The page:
For sell-side clients, success fees are also paid at deal closing. However, when investment banks act as intermediaries for sell-side clients, the success fee is pretty much guaranteed because the bank (as the intermediary) will make it a point to get several acquiring businesses to make offers for the target company.
Success fees for deals between $1 and $5 million range from 8 to 12 percent. Fees for deals between $5 and $25 million range from 4 to 7 percent. Investment banking success fees for deals between $30 and $100 million range from 2 to 4 percent.
Understand that these fees are based on the size of the deal, not the revenue ranges of the business acquired. Some businesses are acquired for less than earnings, and some are acquired for many times their earnings. Additionally, understand that while investment banks are the best option for M&A intermediary services for large businesses, boutique investment banks will focus on smaller transactions, or on transactions in specific industries.
Normally, the term “investment banking” refers to the division in a bank that deals primarily with M&A advisory and underwriting services. However, the banks that offer investment banking services can be structured differently. For more information on how these banks can be structured, we recommend our guide: Types of Banks.
In addition to M&A advisory services and underwriting, full-service investment banks also offer sales and trading, research, and restructuring services.
First, we’ll look at sales and trading. The term “trading” refers to the execution of orders in the capital markets. Traders work with asset managers to buy and sell the securities for their funds.
Investment banks offer asset management services as well as trading services. Asset management is the service of investing the funds of other people. To quickly clarify, normally asset management is a buy-side service, but investment banks do have asset management groups and offer sales and trading services to facilitate buy-side funds, within the limitations they are given.
Second, we’ll look at research. Investment banks provide research reports on publicly traded companies. This is called equity research. Generally, the goal of these reports is to provide an analysis and purchasing recommendation regarding a company’s shares. Investment banking equity research has five main aspects—industry research, management overview, historical & forecasted financials, valuation (both for the company and its stock price), and finally the recommendation (ie. buy, hold, or sell).
Third, well look at restructuring. Restructuring is a term used to describe when a company makes significant changes to its financial structure. Often, restructuring happens when businesses are unable to meet their liabilities to their creditors. When this happens, companies rely on investment banks to help them restructure, and renegotiate their liabilities with creditors. Normally, restructuring is broken down into two types. Debt restructuring and organizational restructuring. Most of the time investment banks work with companies on debt restructuring. Often creditors are amenable to this because it often means they will get something as opposed to nothing out of a default. If the investment bank cannot help the corporation and the creditors reach an agreement, it will have to file for bankruptcy. In the case of organizational restructurings, the investment bank acts like a consultant to help the company change operations and turn its prospects around. Investment banks can make recommendations to change management, sell off assets, or on strategic changes.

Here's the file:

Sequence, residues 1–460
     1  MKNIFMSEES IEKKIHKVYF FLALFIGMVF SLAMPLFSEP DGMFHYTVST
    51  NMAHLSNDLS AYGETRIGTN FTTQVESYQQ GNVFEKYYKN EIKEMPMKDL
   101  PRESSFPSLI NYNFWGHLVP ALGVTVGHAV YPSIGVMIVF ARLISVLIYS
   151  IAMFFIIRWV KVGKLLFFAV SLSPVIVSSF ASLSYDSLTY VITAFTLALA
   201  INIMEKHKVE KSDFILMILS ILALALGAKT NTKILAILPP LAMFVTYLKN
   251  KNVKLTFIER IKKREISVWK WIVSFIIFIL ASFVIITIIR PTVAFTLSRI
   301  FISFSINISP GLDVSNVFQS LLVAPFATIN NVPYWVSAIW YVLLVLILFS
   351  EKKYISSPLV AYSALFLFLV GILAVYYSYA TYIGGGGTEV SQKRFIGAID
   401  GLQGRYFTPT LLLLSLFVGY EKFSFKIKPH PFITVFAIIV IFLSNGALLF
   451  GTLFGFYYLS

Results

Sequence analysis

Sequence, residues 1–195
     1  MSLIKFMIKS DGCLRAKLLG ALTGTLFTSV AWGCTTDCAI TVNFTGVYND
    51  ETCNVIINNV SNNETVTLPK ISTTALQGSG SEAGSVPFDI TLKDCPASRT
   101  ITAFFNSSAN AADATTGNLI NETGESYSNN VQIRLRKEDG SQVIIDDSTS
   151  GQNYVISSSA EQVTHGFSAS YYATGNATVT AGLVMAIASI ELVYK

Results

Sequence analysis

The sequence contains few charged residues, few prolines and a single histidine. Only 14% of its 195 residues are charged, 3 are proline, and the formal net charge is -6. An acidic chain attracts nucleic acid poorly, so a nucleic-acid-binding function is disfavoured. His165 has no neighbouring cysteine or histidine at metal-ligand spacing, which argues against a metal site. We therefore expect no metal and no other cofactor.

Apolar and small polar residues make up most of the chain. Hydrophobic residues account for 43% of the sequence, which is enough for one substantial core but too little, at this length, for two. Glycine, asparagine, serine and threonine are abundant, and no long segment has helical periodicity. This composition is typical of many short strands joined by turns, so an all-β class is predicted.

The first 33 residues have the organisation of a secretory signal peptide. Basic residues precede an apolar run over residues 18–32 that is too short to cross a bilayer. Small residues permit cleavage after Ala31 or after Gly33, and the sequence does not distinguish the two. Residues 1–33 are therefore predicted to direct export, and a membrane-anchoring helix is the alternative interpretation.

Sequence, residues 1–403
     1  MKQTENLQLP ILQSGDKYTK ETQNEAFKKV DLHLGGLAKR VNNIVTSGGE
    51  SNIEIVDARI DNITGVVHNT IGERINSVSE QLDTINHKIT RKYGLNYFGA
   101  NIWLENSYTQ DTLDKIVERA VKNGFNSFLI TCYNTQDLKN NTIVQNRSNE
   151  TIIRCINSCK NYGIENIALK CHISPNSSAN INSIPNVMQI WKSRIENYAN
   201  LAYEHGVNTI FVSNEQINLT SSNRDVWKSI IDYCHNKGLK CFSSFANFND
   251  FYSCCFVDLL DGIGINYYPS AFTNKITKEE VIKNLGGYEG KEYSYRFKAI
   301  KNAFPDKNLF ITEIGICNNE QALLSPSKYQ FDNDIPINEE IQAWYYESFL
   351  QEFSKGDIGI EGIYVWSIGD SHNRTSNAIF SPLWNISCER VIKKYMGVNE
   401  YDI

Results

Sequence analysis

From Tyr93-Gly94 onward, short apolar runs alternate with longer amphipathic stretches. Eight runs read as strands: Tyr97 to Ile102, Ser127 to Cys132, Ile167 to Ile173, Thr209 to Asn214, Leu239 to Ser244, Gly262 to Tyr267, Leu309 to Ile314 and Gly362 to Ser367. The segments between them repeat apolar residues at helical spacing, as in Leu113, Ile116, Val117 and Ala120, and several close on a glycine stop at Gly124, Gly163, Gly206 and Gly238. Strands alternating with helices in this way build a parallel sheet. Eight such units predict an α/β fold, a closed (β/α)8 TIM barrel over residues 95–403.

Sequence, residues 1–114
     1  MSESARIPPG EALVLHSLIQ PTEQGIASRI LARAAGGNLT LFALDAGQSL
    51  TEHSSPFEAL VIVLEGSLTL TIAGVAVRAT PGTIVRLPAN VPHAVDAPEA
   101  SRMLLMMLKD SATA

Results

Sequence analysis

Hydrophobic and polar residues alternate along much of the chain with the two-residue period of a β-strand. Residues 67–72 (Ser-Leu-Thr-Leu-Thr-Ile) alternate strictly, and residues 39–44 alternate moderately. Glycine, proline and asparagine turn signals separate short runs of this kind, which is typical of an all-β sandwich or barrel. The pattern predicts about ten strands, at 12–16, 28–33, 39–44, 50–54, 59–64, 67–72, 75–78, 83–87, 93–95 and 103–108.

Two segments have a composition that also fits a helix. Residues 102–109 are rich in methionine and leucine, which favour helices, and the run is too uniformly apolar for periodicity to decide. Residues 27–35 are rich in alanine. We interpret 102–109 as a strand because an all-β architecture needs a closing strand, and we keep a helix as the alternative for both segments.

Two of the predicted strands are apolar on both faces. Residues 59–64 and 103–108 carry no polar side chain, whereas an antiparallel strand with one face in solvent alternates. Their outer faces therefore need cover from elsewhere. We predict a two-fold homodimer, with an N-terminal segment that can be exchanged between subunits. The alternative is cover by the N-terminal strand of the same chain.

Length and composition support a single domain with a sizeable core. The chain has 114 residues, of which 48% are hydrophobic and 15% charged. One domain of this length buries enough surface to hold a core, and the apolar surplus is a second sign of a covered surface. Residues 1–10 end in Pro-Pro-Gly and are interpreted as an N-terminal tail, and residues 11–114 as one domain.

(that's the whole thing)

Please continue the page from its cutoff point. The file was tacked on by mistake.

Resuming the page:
Investment banks are often categorized by the market segments they focus on serving.
First, we have bulge bracket investment banks. These investment banks focus on doing very large deals for multi-national corporations.
Second, we have the middle-market investment banks. These investment banks focus on serving mid-sized companies.
Finally, we have boutique investment banks. These investment banks specialize and focus on specific niches and as a result may have services geared to specific types of smaller businesses as well as the middle-market.
For all of the products and services we discussed, investment banks will have specialty groups that will cover a specific sector or geographic area.
These groups are normally categorized as follows: consumer related, financial institutions, financial sponsors, healthcare, technology, media & telecom, real estate, “gaming, leisure & lodging”, and technology.
Having these industry-focused teams, aims to ensure that the investment bank is providing the right services to its clients at the right level of expertise.
Larger investment banks will have all of these industry coverage groups covered, while boutique investment banks may only focus on one or a few of these groups.
Since both commercial banks and investment banks offer advisory services to businesses, and they are both often in regard to raising capital, we’ll clarify the difference in these advisory services.
Investment banks directly offer advisory services for M&A transactions, the structuring of capital markets products, and the assistance in raising capital through debt and equity offerings.
Commercial banks focus on maintaining banking relationships with their clients as well as offering some advisory services as well. However, these advisory services are different than the advisory services that investment banks offer.
When commercial banks offer advisory services on raising capital, they are often advising their clients on which commercial banking products and services are the best fit for their use case. So, if a business were looking to raise capital through debt, then commercial banks would be advising on loan products such as term loans, rather than raising capital through issuing publicly traded debt securities (bonds), as an investment bank would.
The main difference here is that investment banks serve as advisors regarding publicly traded securities (stocks and bonds), and commercial banks will be advising businesses on non-securitized loan products and services, like traditional term loans, revolver debt, or working capital management services.
To learn more about commercial banking products and services, we recommend our guide: Intro To Commercial Banking.